Moreover, Wisconsin GOP lawmakers refused to advance vote-by-mail provisions that would prevent crowds from risking spreading contagion by reporting to the polls.
The Republican-majority United States Supreme Court sided with them.
For all their faux outrage over defending "the integrity of the election process," it seems absentee ballots--while apparently not acceptable to the average Wisconsin voter--were perfectly fine for all seven state Supreme Court justices.
Two of those seven did so out of conscience; they were helping to do their part to "flatten the coronavirus curve".
The others were just hypocrites.
Daniel Bice, reporting for the Milwaukee Journal-Sentinel, wrote:
"In the previous five elections, a majority of the justices voted in person at the polls on election day."
And that is precisely what the Republican majority gave Wisconsinites no choice but to do.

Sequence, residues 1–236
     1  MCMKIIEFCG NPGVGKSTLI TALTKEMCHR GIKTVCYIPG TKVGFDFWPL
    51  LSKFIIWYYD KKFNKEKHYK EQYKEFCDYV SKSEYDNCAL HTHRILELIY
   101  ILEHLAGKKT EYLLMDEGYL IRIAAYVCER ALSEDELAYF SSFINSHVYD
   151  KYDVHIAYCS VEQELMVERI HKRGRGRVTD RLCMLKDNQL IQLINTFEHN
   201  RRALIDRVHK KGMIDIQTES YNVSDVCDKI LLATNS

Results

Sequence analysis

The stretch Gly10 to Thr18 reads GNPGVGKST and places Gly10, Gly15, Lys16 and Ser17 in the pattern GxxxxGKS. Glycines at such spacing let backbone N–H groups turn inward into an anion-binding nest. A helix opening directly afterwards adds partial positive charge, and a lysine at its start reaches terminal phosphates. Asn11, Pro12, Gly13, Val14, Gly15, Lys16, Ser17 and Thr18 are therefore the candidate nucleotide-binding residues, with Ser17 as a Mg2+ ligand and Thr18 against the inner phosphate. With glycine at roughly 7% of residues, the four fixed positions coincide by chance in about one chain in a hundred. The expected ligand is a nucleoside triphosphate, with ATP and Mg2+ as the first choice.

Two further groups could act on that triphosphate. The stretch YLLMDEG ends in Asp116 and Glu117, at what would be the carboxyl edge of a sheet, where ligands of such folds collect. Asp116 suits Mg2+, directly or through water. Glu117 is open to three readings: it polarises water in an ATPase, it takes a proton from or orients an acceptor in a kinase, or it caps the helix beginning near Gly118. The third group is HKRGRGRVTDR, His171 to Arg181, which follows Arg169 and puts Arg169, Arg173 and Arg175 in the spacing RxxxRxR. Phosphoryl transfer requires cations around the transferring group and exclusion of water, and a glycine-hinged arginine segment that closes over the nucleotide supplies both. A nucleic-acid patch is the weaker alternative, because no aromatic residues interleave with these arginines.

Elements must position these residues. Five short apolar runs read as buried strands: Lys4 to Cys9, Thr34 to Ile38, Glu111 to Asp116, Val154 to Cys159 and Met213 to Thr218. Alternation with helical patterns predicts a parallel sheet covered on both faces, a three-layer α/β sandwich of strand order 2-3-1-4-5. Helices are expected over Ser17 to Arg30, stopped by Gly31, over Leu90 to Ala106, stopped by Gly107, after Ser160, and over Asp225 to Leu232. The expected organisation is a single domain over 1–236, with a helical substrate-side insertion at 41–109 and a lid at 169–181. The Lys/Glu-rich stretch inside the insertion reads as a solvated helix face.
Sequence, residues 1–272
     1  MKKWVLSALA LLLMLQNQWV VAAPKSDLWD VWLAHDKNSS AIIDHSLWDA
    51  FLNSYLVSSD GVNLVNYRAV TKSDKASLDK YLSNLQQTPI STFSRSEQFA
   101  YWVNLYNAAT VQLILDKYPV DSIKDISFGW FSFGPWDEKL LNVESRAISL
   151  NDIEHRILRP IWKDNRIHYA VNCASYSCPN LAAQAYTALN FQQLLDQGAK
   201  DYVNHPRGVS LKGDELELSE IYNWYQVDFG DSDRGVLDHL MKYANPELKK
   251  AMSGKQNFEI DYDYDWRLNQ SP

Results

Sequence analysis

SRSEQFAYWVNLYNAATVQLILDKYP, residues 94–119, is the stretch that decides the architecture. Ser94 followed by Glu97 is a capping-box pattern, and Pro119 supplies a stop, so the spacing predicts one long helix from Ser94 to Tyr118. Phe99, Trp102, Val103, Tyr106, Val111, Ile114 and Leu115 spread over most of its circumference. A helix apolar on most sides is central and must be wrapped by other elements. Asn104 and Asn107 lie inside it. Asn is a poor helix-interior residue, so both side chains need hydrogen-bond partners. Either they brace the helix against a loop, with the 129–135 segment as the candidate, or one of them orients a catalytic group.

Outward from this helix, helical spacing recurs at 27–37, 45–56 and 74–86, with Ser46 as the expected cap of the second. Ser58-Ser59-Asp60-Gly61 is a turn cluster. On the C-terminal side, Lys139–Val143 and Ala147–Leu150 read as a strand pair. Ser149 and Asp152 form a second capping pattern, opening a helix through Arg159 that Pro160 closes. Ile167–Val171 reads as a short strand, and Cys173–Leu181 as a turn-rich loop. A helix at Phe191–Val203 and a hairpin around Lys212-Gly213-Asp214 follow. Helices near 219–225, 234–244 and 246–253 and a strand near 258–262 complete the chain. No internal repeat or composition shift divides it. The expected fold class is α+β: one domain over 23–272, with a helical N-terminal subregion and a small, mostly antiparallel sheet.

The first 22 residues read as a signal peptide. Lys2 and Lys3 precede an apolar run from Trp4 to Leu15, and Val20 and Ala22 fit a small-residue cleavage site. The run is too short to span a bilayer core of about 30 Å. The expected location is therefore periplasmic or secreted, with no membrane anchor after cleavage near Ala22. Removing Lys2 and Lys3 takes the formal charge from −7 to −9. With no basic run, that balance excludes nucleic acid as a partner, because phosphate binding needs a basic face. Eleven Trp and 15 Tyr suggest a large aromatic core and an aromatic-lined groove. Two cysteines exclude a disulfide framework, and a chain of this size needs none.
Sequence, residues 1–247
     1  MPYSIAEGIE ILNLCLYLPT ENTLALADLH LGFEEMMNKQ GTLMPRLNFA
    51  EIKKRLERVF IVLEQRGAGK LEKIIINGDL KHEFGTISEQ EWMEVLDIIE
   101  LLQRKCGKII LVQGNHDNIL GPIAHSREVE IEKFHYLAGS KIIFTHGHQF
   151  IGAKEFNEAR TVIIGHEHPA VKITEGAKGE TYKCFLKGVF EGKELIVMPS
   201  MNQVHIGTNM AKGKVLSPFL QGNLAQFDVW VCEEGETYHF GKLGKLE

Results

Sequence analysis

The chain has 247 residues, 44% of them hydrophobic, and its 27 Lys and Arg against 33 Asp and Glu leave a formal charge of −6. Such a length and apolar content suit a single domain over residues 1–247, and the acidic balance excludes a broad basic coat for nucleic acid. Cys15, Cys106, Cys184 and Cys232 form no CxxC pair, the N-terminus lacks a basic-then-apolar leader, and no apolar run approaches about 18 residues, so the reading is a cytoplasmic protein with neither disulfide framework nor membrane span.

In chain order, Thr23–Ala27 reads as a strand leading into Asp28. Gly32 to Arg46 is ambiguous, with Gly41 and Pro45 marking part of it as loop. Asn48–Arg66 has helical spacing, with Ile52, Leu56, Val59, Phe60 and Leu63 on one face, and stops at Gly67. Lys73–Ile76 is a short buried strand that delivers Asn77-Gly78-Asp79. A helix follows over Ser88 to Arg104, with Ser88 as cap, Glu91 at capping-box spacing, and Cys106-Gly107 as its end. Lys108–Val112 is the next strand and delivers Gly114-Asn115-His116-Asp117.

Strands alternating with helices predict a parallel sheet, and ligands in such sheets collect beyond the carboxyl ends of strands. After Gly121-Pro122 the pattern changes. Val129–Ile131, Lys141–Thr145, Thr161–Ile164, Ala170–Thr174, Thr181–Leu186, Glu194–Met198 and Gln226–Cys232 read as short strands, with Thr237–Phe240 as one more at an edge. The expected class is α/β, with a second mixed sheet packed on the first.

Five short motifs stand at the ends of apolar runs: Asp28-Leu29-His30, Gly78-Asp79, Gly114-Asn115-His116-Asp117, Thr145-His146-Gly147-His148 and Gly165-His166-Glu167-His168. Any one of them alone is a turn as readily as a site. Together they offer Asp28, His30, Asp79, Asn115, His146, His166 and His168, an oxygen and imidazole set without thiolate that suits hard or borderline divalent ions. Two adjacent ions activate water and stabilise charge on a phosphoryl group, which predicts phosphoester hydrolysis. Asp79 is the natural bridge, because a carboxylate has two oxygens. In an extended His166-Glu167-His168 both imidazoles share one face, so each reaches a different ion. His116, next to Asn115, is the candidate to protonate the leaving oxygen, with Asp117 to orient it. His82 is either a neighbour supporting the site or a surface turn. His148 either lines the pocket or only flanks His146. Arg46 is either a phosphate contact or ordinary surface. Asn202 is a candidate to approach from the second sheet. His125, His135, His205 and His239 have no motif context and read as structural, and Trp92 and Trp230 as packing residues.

Make no mistake: this is a test-run for November, especially since there has been serious discussion lately about nationwide mail-in paper ballots.
If there is one thing Republicans absolutely do not want, it's more people voting.
Paul Weyrich, the founder of conservative think tanks The Heritage Foundation, the Free Congress Foundation, and the American Legislative Exchange Council, admitted as much at a religious right gathering back in 1980.
Donald Trump publicly echoed that sentiment when he admitted during a recent interview with Fox & Friends it was good increased voting protections and ballot access proposals were omitted from last week's coronavirus relief package because "you'd never have a Republican elected in this country again."
A broken clock is right twice a day, as the saying goes.
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